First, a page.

FogBugz v8.13.104 was released at the end of May 2015, with little fuss and no fanfare. And why would it? The release notes list just a couple of bug fixes and minor changes. But under the hood, it was a huge release. For the first time since FogBugz’ creation some 15 years ago, it contained 0 lines of VBScript or Wasabi code. The ‘End‘ of an era.
For those of you that don’t know, Wasabi was our own in-house .NET compiler. In this post, I’m going give you the background of Wasabi, including why we created it and what it enabled us to do, before giving you the inside scoop on why we’ve now killed it off. In a follow-up post, we’ll talk about some parts of Wasabi that we’ll be open-sourcing.
A Time-Saving Beginning
FogBugz was created as an internal tool to help track bugs in our first product, CityDesk, and support our consultancy work. It was written in VBScript and was Windows only. But from its first public release, customers asked for a Linux version. We didn’t want to throw away what was already a large codebase and start from scratch on a new cross-platform version. So we hired our first summer intern to create Thistle. Thistle was a compiler, written in Java, that translated a limited subset of VBScript into PHP. It consisted of a tokenizer, a simple parser, and a finite-state machine based PHP generator. For anything that could not be expressed in Thistle, there was a special syntax to embed PHP code directly in the ASP. It wasn’t pretty, but without requiring a total rewrite of FogBugz, it meant we could support both Windows and Unix.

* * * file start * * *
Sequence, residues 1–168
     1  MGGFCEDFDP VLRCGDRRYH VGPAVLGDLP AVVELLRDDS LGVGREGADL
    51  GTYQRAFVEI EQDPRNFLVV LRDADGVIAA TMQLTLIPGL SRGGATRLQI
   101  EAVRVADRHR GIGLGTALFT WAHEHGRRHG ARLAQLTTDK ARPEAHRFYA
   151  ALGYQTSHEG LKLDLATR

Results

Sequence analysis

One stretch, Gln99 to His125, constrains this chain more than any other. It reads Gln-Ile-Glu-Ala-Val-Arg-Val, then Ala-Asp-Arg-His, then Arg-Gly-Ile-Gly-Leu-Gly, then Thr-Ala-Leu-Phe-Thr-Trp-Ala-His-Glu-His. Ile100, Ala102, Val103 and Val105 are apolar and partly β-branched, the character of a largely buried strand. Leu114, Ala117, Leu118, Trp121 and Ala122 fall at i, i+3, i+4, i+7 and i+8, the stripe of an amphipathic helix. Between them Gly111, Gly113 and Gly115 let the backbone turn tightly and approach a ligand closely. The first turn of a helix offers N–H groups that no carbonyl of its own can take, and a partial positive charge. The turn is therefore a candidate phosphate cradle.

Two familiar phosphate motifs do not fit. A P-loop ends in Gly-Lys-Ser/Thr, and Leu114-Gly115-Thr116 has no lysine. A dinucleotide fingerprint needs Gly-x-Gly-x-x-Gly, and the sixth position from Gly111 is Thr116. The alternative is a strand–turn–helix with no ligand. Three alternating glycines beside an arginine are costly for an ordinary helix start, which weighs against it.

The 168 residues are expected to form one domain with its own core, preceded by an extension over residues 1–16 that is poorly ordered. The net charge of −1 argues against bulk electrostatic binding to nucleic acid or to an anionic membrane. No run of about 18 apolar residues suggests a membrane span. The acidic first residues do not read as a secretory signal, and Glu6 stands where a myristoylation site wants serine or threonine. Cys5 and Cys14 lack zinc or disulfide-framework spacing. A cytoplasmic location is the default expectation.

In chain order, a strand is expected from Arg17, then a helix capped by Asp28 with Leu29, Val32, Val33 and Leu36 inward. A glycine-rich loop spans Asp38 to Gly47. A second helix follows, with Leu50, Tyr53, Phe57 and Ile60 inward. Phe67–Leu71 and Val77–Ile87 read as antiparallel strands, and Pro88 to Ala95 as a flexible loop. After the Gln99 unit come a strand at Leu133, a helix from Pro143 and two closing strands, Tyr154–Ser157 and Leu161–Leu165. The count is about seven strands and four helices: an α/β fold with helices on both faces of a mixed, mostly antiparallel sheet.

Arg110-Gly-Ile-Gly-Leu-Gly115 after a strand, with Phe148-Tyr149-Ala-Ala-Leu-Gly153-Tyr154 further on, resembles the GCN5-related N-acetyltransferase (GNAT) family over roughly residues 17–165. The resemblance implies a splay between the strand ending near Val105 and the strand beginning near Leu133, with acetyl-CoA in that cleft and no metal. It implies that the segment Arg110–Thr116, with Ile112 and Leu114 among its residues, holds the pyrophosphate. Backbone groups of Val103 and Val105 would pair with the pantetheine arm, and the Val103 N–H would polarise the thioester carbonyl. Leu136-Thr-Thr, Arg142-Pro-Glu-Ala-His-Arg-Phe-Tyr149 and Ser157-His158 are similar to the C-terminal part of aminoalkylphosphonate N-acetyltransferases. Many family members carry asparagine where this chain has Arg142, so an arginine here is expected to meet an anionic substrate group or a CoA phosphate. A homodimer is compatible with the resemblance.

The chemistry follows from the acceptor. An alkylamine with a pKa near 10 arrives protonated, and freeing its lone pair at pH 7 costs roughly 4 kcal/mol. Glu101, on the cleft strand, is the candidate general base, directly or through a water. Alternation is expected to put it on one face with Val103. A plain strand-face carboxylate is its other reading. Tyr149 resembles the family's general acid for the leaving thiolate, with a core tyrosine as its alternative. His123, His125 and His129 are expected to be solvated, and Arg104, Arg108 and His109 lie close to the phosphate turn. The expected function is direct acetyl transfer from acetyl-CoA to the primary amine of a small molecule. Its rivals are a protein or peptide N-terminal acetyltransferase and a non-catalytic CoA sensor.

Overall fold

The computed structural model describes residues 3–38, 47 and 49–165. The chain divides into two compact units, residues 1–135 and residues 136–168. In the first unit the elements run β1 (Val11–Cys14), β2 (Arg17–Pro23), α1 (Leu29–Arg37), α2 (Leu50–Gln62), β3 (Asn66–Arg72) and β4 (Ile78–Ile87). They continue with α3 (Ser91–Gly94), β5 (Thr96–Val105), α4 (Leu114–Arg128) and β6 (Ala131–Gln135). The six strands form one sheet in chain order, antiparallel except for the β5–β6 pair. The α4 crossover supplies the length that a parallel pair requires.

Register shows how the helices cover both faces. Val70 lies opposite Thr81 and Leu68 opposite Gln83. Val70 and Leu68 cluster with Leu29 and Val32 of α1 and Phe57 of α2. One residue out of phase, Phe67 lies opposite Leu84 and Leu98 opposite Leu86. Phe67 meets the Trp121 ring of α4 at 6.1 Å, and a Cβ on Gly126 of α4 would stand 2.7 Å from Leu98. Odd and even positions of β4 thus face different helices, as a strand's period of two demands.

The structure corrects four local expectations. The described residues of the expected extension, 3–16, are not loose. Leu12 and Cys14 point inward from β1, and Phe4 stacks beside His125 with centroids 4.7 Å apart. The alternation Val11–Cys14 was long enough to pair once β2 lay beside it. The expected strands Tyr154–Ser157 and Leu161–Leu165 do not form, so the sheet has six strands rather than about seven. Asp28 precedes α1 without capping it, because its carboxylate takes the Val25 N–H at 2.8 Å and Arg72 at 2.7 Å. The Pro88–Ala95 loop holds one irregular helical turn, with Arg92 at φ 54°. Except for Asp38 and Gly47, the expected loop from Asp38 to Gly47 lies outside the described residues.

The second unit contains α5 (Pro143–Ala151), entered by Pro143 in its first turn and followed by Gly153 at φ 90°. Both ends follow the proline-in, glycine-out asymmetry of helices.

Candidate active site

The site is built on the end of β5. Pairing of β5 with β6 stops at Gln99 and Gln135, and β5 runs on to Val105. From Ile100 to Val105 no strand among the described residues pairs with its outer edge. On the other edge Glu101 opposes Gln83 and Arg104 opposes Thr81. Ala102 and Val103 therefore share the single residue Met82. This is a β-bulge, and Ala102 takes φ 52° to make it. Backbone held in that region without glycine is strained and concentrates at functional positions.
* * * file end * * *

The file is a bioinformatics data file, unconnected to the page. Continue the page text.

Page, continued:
Thistle received a couple of small updates over the next few years, such as adding the ability to generate ASP, so that we could insert code coverage logging information into the generated code.
FogBasic: Further Down the Rabbit Hole
Then around 2005, we leaped wholeheartedly down the rabbit hole. Thistle became FogBasic and we had visions of creating a new language that overcame many of the issues with writing ASP. This decision wasn’t without its critics, but we really wanted to make it so that as many programmer errors as possible were found at compile time instead of runtime. So we added numerous features and extensions to the language, like updating the lexer to more rigorously match the language, parsing a full abstract syntax tree, and adding type inference.